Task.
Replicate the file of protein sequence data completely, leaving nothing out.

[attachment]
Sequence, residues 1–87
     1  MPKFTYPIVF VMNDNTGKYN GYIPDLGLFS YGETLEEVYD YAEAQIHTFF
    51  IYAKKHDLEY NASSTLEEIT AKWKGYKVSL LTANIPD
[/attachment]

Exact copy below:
Sequence, residues 1–87
     1  MPKFTYPIVF VMNDNTGKYN GYIPDLGLFS YGETLEEVYD YAEAQIHTFF
    51  IYAKKHDLEY NASSTLEEIT AKWKGYKVSL LTANIPD